Detecting deception from Donald Trump’s tweets

Our paper “A Personal Model of Trumpery: Linguistic Deception Detection in a Real-World High-Stakes Setting” on deception detection from Donald Trump’s tweets is published in Psychological Science. Authors are Sophie van der Zee, Alice Havrileck, AurĂ©lien Baillon and me. It’s the first (linguistic) deception model that is tailored to an individual. We achieved a 74% accuracy by considering only the use of word types (not content), obtained using LIWC. Moreover, by extensive comparisons, we demonstrate that a personal approach outperforms all known (to us) empirical and theoretical prediction models based on LIWC that have been proposed previously in literature. Our website provides a nice, interactive read:

Publicly available dataset for 4K video interpolation: Inter4K

Alex Stergiou has compiled a dataset of public web videos that can be obtained from GitHub. The dataset features a range of recording settings, resolutions and frame rates. As such, it can be used to benchmark frame and video interpolation techniques, as well as up- and down-sampling operators. It’s first use is in our novel pooling operator adaPool.

SoftPool: A low-cost, better-performing pooling operator

With Alex Stergiou and Grigorios Kalliatakis, we’ve proposed and evaluated a novel pooling operator that adds a couple of percentage points to your classification (and detection) performance with negligible computational overhead. The pooling operator, SoftPool, can easily replace MaxPool or Average Pool in any CNN. Moreover, the operation is invertible so it can also be used for image upsampling. The paper was presented at ICCV 2021 and is available on GitHub.

New dr. in town: Alex Stergiou

Already on September 27, Alex Stergiou earned his “dr.” title. Congratulations! With an impressive thesis (Efficient Modelling Across Time of Human Actions and Interactions) and a solid defense, it’s no wonder he immediately secured a research position in Prof. Dima Damen‘s lab at the University of Bristol. We’re looking forward to more great research. All the best!

Dr. Kapidis’ successful thesis defense

On June 10, Georgios Kapidis successfully defended his thesis “A Modular Approach for the Detection and Interconnection of Objects, Hands, Locations, and Actions for Egocentric Video Understanding“. Congratulations to the young dr.! Thanks to all committee members. It was my pleasure to supervise Georgios with prof. Remco Veltkamp over the past years!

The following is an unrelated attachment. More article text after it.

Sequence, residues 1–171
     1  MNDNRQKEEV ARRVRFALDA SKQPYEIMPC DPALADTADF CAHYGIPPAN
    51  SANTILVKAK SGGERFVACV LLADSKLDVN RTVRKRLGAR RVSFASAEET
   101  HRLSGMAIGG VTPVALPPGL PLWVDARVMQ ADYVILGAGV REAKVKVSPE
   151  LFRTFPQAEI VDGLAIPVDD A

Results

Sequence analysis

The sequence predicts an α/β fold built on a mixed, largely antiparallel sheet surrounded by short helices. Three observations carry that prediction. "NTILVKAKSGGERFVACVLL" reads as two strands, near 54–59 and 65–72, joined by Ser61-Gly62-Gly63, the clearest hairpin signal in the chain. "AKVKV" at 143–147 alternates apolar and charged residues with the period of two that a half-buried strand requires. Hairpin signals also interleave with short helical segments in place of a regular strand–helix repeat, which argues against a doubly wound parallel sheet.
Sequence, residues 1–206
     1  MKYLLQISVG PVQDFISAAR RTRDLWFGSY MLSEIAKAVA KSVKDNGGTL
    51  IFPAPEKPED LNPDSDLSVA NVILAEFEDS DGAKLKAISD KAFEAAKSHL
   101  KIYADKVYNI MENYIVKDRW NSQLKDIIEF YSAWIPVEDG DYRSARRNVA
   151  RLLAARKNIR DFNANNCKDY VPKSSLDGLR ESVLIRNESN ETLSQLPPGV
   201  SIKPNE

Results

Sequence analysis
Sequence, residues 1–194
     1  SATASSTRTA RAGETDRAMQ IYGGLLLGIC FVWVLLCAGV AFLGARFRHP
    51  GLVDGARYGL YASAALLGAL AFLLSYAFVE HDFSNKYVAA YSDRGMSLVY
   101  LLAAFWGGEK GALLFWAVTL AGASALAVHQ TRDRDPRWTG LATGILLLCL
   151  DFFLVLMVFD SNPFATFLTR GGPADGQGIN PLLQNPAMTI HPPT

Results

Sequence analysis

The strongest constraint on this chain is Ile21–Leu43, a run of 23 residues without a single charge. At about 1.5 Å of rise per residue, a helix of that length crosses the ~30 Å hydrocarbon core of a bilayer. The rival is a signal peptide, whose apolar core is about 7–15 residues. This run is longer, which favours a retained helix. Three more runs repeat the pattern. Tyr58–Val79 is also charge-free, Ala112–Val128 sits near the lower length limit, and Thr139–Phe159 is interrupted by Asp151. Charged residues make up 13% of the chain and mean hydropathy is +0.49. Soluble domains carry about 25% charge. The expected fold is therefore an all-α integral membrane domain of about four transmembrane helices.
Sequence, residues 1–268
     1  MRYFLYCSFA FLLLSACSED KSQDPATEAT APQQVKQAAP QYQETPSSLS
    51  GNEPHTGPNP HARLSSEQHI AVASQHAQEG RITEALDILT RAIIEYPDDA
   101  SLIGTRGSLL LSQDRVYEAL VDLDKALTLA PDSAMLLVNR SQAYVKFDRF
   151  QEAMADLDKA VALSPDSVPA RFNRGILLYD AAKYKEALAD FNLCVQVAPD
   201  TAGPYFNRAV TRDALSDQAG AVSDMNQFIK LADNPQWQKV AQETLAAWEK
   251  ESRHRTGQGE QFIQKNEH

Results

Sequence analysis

Multi-dataset multitask learning accepted for PAMI

Georgios Kapidis‘ work on multi-dataset multitask learning has been accepted to IEEE Transactions on Pattern Analysis and Machine Intelligence! Congratulations! We propose a method to improve egocentric action recognition using additional datasets with potentially different label sets, and different classification and regression tasks. We can thus learn by considering only weakly related data and tasks.

The paper will be available soon. A preliminary version of the research was presented at the EPIC workshop at ICCV 2019.

Learn to cycle paper in Pattern Recognition Letters

Alex Stergiou‘s paper “Learn to cycle: Time-consistent feature discovery for action recognition” now appears in Pattern Recognition Letters. We present a new method that can flexibly extract spatio-temporal patterns with varying temporal scales. We show state-of-the-art performance on benchmark datasets, including Kinetics-700, Moments in Time and HACS. The code is available!

Nominated for Klokhuis science award 2020, vote now!

Our lie detection research with Sophie van der Zee has been nominated for the Klokhuis science award. Klokhuis was that kids program that made you become curious about science. We are honored that our research on lying in families has been nominated for their 2020 science award. Everyone can vote for any of the 10 finalists. An episode about the topic of the winner will be made and aired. Cast your vote here! (We are “Kun jij beter liegen dan je ouders?”)

Thanks to Daan van Alkemade for the 8-second teaser video!

Article on measuring the effectiveness of group play therapy

Group play appears to have a positive effect on the physical and mental development of children. However, it is unclear what the effective elements of a group play intervention are. With colleagues from the Wilhelmina Children’s Hospital in Utrecht, we set out to thoroughly evaluate their “This is Me” sports- and play-based cognitive behavior therapy program. Major challenge was to systematically measure those aspects that measure play and wellbeing. The preprint of our article in Clinical Child Psychology and Psychiatryfigure_x(b) is now online. We are looking forward to hear from other groups that focus on measuring the process of group-based play therapy.